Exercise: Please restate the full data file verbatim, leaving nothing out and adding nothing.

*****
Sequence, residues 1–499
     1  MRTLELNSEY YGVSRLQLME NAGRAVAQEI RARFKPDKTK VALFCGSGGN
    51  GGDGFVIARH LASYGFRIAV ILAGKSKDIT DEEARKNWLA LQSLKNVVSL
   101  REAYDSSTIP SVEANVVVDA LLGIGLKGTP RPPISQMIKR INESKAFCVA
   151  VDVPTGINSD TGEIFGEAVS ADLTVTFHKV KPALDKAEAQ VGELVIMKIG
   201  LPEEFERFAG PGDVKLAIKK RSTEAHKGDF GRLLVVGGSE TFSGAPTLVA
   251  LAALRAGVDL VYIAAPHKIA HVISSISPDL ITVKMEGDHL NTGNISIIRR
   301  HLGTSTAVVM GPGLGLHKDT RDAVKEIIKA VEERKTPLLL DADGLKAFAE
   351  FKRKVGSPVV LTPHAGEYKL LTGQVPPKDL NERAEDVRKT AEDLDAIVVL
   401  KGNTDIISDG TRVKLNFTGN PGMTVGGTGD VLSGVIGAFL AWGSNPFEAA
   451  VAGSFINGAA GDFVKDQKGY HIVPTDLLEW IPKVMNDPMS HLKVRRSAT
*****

Sequence, residues 1–499
     1  MRTLELNSEY YGVSRLQLME NAGRAVAQEI RARFKPDKTK VALFCGSGGN
    51  GGDGFVIARH LASYGFRIAV ILAGKSKDIT DEEARKNWLA LQSLKNVVSL
   101  REAYDSSTIP SVEANVVVDA LLGIGLKGTP RPPISQMIKR INESKAFCVA
   151  VDVPTGINSD TGEIFGEAVS ADLTVTFHKV KPALDKAEAQ VGELVIMKIG
   201  LPEEFERFAG PGDVKLAIKK RSTEAHKGDF GRLLVVGGSE TFSGAPTLVA
   251  LAALRAGVDL VYIAAPHKIA HVISSISPDL ITVKMEGDHL NTGNISIIRR
   301  HLGTSTAVVM GPGLGLHKDT RDAVKEIIKA VEERKTPLLL DADGLKAFAE
   351  FKRKVGSPVV LTPHAGEYKL LTGQVPPKDL NERAEDVRKT AEDLDAIVVL
   401  KGNTDIISDG TRVKLNFTGN PGMTVGGTGD VLSGVIGAFL AWGSNPFEAA
   451  VAGSFINGAA GDFVKDQKGY HIVPTDLLEW IPKVMNDPMS HLKVRRSAT